Commission Looking for Long-Term Loans of Art to More Accurately Represent Virginia History in State Capitol


The Speaker’s Advisory Group on State Capitol Artifacts heard a presentation from Librarian of Virginia Sandy Treadway about art currently in the Capitol — art that commission members noted largely represented white men. In the Tuesday meeting, the commission members suggested seeking long-term loans of appropriate art from museums and other institutions.

“It is primarily, with one or two exceptions, men who served either Virginia’s government over the years from the 18th century to the present, or served Virginia in the United States Congress, or who served in positions such as secretary of state, secretary of war, so forth,” Treadway said.

“So the full range of Virginia’s history certainly is not represented there. But the range of Virginia’s political contributions are there,” she said.

Speaker of the House Eileen Filler-Corn (D-Fairfax) called for the creation of the committee in July 2020 at the same time as the overnight removal of busts and statues of Confederate leaders from the Capitol.

“Virginia has a story to tell that extends far beyond glorifying the Confederacy, whose primary objective in the Civil War was to preserve an ideology that maintained the enslavement of human beings. It is time for our Capitol to truly reflect our history,” Filler-Corn said in her July 24, 2020 press release.

On Tuesday, Treadway said she considers the chamber of the House and its chronological series of portraits of speakers “a little bit sacrosanct.” Other artworks might be considered for removal. She said one potential criteria for art to remove would be anyone who had actively served the Confederacy.

“Those are easily identified and could easily be replaced,” she said. “But what I’d love to see is more women, more African Americans, more native Virginia Indians, I would like to see that range of folks there.”

Citizen commission member Felicia Cosby said, “It was a little disheartening for me to scroll through pages and pages and I didn’t see anyone that looks like me.”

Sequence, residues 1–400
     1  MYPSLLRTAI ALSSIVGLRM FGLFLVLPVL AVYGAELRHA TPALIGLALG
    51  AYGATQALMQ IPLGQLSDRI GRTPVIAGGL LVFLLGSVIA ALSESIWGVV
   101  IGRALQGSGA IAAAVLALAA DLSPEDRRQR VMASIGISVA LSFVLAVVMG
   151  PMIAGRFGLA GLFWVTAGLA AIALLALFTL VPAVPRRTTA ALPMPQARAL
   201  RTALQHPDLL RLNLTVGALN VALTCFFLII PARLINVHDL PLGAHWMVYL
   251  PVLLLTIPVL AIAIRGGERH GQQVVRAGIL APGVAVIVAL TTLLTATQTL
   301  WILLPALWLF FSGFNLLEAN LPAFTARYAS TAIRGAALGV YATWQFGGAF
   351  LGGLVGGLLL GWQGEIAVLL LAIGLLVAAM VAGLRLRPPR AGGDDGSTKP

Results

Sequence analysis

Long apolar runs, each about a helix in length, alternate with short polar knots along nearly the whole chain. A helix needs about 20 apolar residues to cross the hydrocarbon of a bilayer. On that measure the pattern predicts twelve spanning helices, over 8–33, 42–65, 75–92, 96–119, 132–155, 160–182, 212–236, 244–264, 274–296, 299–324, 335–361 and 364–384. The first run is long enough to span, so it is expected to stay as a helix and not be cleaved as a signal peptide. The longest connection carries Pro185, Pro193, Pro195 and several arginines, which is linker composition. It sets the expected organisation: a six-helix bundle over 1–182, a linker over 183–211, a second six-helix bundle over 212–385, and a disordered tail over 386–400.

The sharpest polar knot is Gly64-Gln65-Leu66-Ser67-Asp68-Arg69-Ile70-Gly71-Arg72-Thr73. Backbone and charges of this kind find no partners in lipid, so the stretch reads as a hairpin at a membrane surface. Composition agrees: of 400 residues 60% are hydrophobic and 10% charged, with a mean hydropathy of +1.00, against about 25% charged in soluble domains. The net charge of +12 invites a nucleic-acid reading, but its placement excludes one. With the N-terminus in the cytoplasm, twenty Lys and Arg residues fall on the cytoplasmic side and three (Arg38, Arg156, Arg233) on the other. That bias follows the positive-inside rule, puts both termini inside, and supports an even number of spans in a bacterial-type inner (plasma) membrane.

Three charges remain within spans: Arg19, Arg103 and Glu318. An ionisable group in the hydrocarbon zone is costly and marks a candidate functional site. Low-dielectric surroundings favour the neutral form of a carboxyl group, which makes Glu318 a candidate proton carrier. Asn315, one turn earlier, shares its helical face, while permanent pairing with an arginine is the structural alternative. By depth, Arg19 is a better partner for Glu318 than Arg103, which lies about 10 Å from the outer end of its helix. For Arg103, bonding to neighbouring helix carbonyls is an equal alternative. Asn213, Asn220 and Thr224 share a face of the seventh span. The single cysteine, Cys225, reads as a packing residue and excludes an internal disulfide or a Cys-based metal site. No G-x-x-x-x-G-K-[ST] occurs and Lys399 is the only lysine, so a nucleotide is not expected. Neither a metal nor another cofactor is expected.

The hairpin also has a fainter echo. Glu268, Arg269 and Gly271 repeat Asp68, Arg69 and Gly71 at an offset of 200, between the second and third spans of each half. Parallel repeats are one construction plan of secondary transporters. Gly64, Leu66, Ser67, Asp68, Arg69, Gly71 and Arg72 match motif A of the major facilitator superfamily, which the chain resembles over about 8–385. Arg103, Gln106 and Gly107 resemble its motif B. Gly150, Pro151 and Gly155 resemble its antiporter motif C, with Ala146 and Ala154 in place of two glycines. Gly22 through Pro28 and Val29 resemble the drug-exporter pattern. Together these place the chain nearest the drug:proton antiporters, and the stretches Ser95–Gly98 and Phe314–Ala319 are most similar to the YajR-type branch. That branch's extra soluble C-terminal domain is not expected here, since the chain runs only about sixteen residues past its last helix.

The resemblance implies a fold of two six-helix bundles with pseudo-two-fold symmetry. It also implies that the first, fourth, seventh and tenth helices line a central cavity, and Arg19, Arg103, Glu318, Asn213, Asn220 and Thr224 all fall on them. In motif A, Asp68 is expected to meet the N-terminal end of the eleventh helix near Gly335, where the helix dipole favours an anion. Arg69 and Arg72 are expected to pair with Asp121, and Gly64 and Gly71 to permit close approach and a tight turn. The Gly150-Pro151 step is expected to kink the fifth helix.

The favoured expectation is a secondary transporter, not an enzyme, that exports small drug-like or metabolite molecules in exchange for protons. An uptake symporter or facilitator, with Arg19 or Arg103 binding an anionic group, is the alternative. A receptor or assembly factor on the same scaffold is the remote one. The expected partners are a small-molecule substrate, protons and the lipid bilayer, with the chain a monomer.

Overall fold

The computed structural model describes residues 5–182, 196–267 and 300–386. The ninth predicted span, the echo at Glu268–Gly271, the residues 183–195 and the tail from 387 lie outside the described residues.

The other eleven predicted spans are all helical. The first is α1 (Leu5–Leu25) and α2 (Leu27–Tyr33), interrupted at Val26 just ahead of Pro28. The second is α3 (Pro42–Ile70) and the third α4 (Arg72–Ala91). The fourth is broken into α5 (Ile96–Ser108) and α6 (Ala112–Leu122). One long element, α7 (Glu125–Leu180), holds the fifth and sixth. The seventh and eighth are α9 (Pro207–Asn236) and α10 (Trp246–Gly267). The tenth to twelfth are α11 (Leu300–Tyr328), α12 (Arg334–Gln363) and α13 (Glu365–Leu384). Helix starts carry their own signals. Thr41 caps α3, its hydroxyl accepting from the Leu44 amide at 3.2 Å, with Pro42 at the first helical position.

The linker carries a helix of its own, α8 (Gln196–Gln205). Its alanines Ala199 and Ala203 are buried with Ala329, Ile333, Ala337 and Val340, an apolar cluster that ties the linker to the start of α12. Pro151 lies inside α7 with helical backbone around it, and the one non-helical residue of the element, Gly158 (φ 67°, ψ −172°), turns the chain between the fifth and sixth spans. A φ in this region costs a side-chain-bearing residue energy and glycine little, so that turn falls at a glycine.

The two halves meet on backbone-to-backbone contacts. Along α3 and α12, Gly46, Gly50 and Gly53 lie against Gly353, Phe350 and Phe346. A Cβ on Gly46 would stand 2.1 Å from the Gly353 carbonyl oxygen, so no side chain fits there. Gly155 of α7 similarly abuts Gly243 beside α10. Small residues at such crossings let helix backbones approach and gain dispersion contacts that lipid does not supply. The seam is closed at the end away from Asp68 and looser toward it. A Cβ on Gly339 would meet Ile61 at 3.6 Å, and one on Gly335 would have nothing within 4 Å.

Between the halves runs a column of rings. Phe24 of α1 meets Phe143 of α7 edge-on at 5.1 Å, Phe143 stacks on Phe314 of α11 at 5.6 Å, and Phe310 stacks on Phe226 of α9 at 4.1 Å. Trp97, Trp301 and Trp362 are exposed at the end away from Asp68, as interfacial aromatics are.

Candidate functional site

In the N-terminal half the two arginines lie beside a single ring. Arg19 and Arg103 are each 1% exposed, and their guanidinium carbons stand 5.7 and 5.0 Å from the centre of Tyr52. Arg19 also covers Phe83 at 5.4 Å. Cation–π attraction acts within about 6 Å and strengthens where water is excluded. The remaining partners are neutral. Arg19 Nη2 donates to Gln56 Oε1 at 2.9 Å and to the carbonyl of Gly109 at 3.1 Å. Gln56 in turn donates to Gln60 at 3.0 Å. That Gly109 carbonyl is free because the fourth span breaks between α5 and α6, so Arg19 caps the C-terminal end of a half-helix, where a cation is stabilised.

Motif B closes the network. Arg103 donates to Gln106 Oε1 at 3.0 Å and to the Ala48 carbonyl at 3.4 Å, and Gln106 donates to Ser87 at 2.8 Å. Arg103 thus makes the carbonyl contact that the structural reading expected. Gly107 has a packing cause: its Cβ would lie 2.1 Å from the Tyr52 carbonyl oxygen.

The members of the commission agreed that there was a need for more inclusive art to be displayed in the Capitol, but they said there’s no budget for art in the Capitol. Treadway said other works in the collection would be similar to those on display.

“We don’t have the diversity in the collection that I think Virginia needs,” she said. “So the question is, are there other museums that might have it, that might be willing to place them on loan in the Capitol, or would there be an opportunity for an appropriation either purchase or to commission some special works?”

“Right now the only portrait of an African American in the Capitol that I’m aware of is Governor Wilder’s portrait,” Treadway said.

Treadway said the Library had helped the Executive Mansion identify appropriate art for its diversity efforts, and had worked with loaning institutions to facilitate the long-term loans. She said the Library could do that for the Capitol.

Filler-Corn and other commissioners emphasized the importance of leveraging their contacts to identify art at schools, churches, and museums that could be used.

Any art removed from the Capitol would be returned to the Library, but Filler-Corn said she wasn’t removing any more art immediately.

I think probably what makes the most sense is to start identifying what we’re going to put up, and then we can figure out, yeah obviously some will need to be removed in order for others to go up,” Filler Corn said. “I think a lot of that will come from some of the contacts that you all have and that we can all come up with.”

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Eric Burk is a reporter at The Virginia Star and the Star News Network.  Email tips to [email protected].
Photo “Virginia Capitol” by Skip Plitt – C’ville Photography. CC BY-SA 3.0.






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